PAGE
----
Copper theft a nuisance on Thea Foss

Staff writerJuly 15, 2013 


The view looking north along the Thea Foss Waterway from the esplanade in front of the Museum of Glass.

DREW PERINE — Staff photographer file, 2002

Three times since last summer, it’s been lights out for property owners along the southern part of Tacoma’s Thea Foss Waterway.

Three times thieves have pulled copper wire from the network of lights along the pedestrian pathway on the waterway’s west side. Twice those copper thefts have darkened the tall, vertical light standards. The third copper theft cut power to light fixtures that focused on the waterway itself, said Lianna Collinge of the Foss Waterway Owners Association.

Those thefts occurred last summer, this spring and just a few weeks ago.

The wire thefts have been focused on the southern end of the waterway where there are few buildings adjoining the esplanade. At its southern end, the waterway is bordered by a park and a vacant building site destined to become home to a new apartment building.

Construction of that apartment building, the Henry, is scheduled to begin in September.

Collinge said the thieves are methodical in their work. As best the association can determine, the pilferers work between 3 and 3:30 a.m.

They spend only a short time at the esplanade. And they’ve spent multiple days getting the job done each time.

The first night they bring the tools they need to accomplish the job. By the second night they’ve cut or disabled the locks on the wire junction boxes to gain access. On the third night, they pull the wire from the fixtures.

The association has installed theft-resistant locks on the electrical boxes, but the larcenists have defeated those locks.

Property owners have worked with the Tacoma Police Department to alert them to the thefts, and the association has alerted its private security guards to watch for wire thieves.

Those guards vary their schedules so that the thieves don’t know when to expect them to make their rounds.

So far, none of those protective measures has caught a thief in the act, Collinge said.

Because the miscreants spend only a few minutes doing their work each night, it has been difficult to catch them, she said.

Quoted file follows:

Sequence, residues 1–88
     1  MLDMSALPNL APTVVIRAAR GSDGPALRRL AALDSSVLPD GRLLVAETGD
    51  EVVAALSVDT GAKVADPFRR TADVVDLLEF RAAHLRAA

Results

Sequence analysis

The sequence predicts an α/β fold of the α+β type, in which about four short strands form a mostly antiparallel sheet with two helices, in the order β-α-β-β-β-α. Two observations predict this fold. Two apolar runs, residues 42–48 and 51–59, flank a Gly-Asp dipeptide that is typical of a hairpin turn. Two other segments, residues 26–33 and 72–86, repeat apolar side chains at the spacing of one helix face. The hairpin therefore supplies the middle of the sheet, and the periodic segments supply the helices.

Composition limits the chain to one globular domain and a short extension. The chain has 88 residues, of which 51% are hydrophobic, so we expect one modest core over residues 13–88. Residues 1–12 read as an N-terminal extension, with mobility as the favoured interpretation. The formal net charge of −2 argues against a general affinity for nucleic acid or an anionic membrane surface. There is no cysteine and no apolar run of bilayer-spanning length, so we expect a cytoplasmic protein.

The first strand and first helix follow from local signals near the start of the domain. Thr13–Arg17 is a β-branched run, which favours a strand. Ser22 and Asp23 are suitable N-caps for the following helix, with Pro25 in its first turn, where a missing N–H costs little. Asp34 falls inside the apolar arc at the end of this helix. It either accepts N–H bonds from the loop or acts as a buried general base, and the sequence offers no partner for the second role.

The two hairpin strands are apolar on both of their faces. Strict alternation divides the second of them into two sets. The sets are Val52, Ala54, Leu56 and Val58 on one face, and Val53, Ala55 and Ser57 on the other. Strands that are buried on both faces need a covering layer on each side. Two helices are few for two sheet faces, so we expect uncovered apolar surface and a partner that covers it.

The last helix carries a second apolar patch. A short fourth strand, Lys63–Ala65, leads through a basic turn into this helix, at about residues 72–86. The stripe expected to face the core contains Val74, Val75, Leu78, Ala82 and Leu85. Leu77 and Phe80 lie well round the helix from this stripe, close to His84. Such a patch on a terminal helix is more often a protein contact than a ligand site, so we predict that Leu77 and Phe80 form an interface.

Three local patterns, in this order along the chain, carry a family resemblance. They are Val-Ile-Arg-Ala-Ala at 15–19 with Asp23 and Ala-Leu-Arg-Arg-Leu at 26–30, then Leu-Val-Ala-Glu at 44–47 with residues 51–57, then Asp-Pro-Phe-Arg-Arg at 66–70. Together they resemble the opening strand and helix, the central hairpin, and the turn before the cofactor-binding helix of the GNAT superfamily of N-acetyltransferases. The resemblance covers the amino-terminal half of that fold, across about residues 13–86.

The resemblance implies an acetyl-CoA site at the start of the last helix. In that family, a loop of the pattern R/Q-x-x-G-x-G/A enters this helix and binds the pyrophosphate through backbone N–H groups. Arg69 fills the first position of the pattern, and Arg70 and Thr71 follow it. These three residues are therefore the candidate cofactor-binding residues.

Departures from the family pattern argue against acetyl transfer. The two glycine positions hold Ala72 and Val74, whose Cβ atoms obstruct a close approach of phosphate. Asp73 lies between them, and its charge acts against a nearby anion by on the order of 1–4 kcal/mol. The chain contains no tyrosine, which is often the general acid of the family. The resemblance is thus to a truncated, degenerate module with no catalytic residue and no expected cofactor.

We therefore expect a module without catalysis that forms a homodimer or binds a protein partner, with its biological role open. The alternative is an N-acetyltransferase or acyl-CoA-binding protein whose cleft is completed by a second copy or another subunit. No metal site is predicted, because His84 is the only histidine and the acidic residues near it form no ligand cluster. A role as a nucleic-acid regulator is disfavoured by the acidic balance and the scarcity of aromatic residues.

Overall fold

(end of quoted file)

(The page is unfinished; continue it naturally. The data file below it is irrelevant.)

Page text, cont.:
On the night they actually pull the wire, they may spend only five minutes doing the job, she said.

So far, the rewiring has cost the association some $15,000. The bills for replacing the wire stolen three weeks ago aren’t in yet.

Thieves sell the wire to recyclers, who then sell it to others who melt it down and create new products.

Tacoma Police spokeswoman Loretta Cool said catching wire thieves can be difficult. They usually operate at night in remote locations and seem to hit at random.

The Foss Waterway Esplanade is one of the more public places they’ve targeted, said Cool. The thieves usually seem to prefer less visible targets such as vacation homes, unoccupied buildings and homes under construction.

Because the purloined wire has no identifying numbers or marks, it’s hard to link wire sold to be recycled to a specific site, she said.

“The thieves tell the recyclers that they’re demolishing a building,” she said. “That seems to be a plausible explanation.

“We pretty much have to catch them in the act,” she said.

The department has been successful in some cases, however, by installing video surveillance cameras at sites that are likely targets.

The state has taken measures to discourage theft and resale by requiring recyclers to record the identity and license plate numbers of scrap metal sellers and to limit the amount they will pay in cash for metal. Sales of more than $30 are paid by check and mailed to the sellers’ homes.

But random tests have shown that some recyclers don’t always follow those rules.

The Foss property owners are in good company in having their wiring stolen. Recently in King County, two men were charged in connection with the theft of 4.3 miles of wiring from Sound Transit over a two-year period. That wiring was installed beneath bridges used by light-rail vehicles.

Thieves stole thousands of dollars worth of copper from the Murray Morgan Bridge over the Foss Waterway during that bridge’s rebuilding.

That theft from the lift bridge raised the cost of the project and delayed work.

Some men have also stripped wire from freeway lights in Federal Way. And Tacoma’s old Elks Temple saw virtually all of its wiring stolen while it sat abandoned for years.

Collinge said the association has also experienced problems with the restrooms beneath the 21st Street bridge. Vandals broke many of those public restrooms’ porcelain fixtures. Those fixtures were replaced with stainless steel. The restrooms are still closed.

Homeless encampments have begun using the underside of the bridge that spans the south end of the waterway, said Su Dowie, executive director of the Foss Waterway Development Authority. The authority is considering spending about $50,000 to fence that area.

TPD’s Cool said police community liaison officers periodically visit areas that appear to be budding homeless encampments and strongly suggest campers leave. Homeless people who disregard those warnings can be arrested after a second offense.

The city and courts work with those homeless people to find them more permanent housing and to get their lives stabilized, said Cool.

The Foss Waterway area isn’t unique in attracting the homeless, she said.

“They have a way of popping up all over town.”

John Gillie: 253-597-8663

The News Tribune is pleased to provide this opportunity to share information, experiences and observations about what's in the news. Some of the comments may be reprinted elsewhere in the site or in the newspaper. We encourage lively, open debate on the issues of the day, and ask that you refrain from profanity, hate speech, personal comments and remarks that are off point. Thank you for taking the time to offer your thoughts.

Commenting FAQs | Terms of Service